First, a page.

If there is a food that bothers you and you eliminate it for say a year and then reintroduce it, will you now:
- Be able to eat it without getting bad reactions because you've healed?
- react even more because your body is not longer used to it?
Let me first say that I don't think there is one answer to this question. I'm sure it both options are sometimes true.
In some cases, removing a substance from your diet lets you heal. This means that the underlying problem was that there is some sort of damage caused by X. Remove X. Let the sore heal. Now that you don???t have an open sore, so to speak, you can handle small amounts of the offending food. This is the idea behind the GAPS diet.
In another scenario, a person react to X because they don't have enough of something like, for instance, and enzyme to digest it. You remove food X and later re-introdunce. Now you REALLY don???t have the missing enzyme/receptor/whatever after not needing it for a year. Dr. Ayers is against avoiding dairy. He says you should eat a small amount of yogurt daily to build up tolerance.
What about FODMAP foods? Has anyone eliminated them and reintroduced? Did the sensitivity increase or decrease?
Thanks in advance for any insight.
asked byGlither (3029)
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on August 12, 2011
at 05:31 PM
In order to correct my leaky gut, I bought into that whole avoidance leads to healing theory. After high IGG bloodwork to Gluten/Dairy/Eggs, I started down that path. At the same time, tried cures and trials of everything from homemade 24hr yogurt, 1000K in a variety of probiotics, every herbal remedy under the sun, and lots more. I even experimented with cutting out all high sulphur (thiol) foods, no nuts, no caffeine, no nightshades. That really doesn't leave that much left to eat.
What did it boil down to? No change at all and some pretty odd blood work and nutritional deficiencies.
After a nutritional consult with the controversial Ray Peat, I have gone against my 'programming' and have been eating eggs and drinking raw milk for the past week and half.
With no reaction. Thats right, no intolerance reaction. (With gluten/soy I get major pain in colon area -lower left, major bloating, major GI disruption, and painful joints)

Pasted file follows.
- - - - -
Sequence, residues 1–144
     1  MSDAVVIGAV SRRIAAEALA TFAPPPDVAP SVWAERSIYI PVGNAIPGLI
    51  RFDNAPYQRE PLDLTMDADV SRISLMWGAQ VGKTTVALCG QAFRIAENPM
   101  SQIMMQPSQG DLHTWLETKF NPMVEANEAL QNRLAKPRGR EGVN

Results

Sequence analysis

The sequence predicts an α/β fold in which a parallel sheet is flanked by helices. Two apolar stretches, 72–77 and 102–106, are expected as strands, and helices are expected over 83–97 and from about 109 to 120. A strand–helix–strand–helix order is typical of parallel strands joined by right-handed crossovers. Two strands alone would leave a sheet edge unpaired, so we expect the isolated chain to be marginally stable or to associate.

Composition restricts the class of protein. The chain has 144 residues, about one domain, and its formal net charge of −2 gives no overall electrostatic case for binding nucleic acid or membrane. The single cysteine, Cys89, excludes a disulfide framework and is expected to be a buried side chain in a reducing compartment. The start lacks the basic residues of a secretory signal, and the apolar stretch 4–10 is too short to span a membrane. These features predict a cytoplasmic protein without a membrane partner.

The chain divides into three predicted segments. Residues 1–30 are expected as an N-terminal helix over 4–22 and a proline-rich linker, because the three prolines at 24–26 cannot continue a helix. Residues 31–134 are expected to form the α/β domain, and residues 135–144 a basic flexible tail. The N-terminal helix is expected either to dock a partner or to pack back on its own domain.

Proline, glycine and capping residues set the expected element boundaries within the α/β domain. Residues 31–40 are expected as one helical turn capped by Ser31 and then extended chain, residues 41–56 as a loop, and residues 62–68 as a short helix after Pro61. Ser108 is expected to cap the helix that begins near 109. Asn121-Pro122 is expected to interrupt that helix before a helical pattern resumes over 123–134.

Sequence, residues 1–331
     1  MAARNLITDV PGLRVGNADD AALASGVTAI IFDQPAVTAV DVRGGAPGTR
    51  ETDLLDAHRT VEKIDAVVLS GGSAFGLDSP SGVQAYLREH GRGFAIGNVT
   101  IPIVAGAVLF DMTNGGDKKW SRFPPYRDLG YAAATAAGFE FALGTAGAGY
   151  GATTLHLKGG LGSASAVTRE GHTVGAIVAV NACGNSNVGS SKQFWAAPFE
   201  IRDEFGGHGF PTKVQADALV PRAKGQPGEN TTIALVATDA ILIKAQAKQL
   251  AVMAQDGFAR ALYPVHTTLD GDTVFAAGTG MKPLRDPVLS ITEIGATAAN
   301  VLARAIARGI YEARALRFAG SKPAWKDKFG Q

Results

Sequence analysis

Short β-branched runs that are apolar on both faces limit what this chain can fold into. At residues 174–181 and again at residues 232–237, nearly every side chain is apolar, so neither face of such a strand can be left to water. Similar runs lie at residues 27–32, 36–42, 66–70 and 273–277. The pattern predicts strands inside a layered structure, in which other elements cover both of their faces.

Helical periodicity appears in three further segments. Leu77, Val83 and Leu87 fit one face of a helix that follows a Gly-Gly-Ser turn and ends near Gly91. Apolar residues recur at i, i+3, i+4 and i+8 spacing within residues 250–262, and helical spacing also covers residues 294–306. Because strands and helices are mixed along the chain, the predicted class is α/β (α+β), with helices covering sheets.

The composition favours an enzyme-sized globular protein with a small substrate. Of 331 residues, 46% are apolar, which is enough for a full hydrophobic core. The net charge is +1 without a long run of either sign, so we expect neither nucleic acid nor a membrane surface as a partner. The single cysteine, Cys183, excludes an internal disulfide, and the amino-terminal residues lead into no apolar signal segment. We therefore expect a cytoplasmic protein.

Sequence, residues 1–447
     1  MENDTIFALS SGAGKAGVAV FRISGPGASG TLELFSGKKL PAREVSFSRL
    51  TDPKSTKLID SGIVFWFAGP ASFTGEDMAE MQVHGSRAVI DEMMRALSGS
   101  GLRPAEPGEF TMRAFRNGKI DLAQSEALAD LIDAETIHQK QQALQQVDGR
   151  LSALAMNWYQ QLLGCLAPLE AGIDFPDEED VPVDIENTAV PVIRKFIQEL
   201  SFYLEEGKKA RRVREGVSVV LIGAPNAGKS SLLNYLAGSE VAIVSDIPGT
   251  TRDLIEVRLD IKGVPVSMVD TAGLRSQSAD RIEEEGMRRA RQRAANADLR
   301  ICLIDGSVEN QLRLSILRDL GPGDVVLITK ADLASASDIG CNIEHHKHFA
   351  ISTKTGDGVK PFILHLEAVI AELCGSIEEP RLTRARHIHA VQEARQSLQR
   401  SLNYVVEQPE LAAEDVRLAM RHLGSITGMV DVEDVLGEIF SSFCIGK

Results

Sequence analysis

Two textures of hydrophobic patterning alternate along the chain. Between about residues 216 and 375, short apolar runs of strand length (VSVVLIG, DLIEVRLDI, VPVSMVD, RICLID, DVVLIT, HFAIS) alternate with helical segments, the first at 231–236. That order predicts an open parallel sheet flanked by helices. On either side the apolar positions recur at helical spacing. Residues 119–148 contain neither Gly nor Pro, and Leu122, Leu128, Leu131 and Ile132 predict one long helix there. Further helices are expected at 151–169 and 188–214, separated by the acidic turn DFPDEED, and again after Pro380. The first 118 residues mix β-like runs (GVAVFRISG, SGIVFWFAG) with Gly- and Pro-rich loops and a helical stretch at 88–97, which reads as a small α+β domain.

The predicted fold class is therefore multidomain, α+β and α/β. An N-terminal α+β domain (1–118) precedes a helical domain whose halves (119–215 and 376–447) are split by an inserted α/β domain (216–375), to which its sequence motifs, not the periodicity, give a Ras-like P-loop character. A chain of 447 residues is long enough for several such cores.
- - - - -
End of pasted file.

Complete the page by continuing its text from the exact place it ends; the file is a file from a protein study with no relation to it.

In fact all my tummy symptoms have been REDUCED by 50% so far. (I won't be trying this with gluten or soy -I don't want those back ever anyway). While there have been other dietary changes recommended by Ray Peat, they were custom to my particular health issues (leaky gut being #1). Am I causing some major lasting damage that I will see in a few weeks down the road? Maybe. Is it worth the risk to try something that is totally opposite of what I have tried and failed at for the past 3.5 years? Hell yes.
EDIT: After having looked at FOODmaps I have eaten that way for months at a stretch during my many food elimination trials.
UPDATE: The eggs had to go. Took 2 weeks to get the reaction I usually get in a day. I am going to re-intro them on a rotating basis, instead of 1 a day. Probably too much at first. I just love them though!
on March 19, 2012
at 05:26 AM
I used to have FODMAP intolerance and SIBO and although I still need to be careful with my diet, I have A LOT more flexibility with my food choices than I used to have. I can now enjoy almost any vegetables, including onions, broccoli and asparagus without any problems! SOme of my journey is described on my blog adietitiangonepaleo.
I think that eliminating FODMAPs to allow your gut to heal and your gut flora to rebalance itself can make a BIG difference.
on August 13, 2011
at 02:02 PM
I'm going to concur with Senneth here in that elimination is just part of the equation. I did elimination diets starting my senior year of high school and they never worked. I think paleo/WAPF + removing FODMAPS worked for me because they removed the source of the irritation AND provided me with nutrients I was missing. Both are needed to heal.
on August 12, 2011
at 01:39 PM
From my own experience I can tell,that lots of food intolerances are born bc of leaky gut.So healing the gutlining&increasing good gutbacteria is key. However some intolerances are related to other metabolic issues from thyroid,liver etc. So healing your gut will help heaps,but it might not overcome everything rightaway.
on June 12, 2012
at 06:20 PM
From personal experience, I can vouch that #2 happens before #1, but #1 does happene eventually.
After *re*introducing gluten, I REALLY noticed significant digestive upset. But then once I introduced grains slowly, my body seems to do fine on it now with no symptoms at all. I still don't eat grains regularly for obvious reasons but if I ever wanted to, I don't worry much about the ramifications.
on June 12, 2012
at 05:31 PM
elimination of offending foods is one thing, but you have to ADD beneficial bacteria lacking in a sick gut, too. Cooling Inflammation has just posted a very insightful piece about that (I'm in no way affiliated) here: http://coolinginflammation.blogspot.com/2012/06/dr-oz-on-gut-flora-repair.html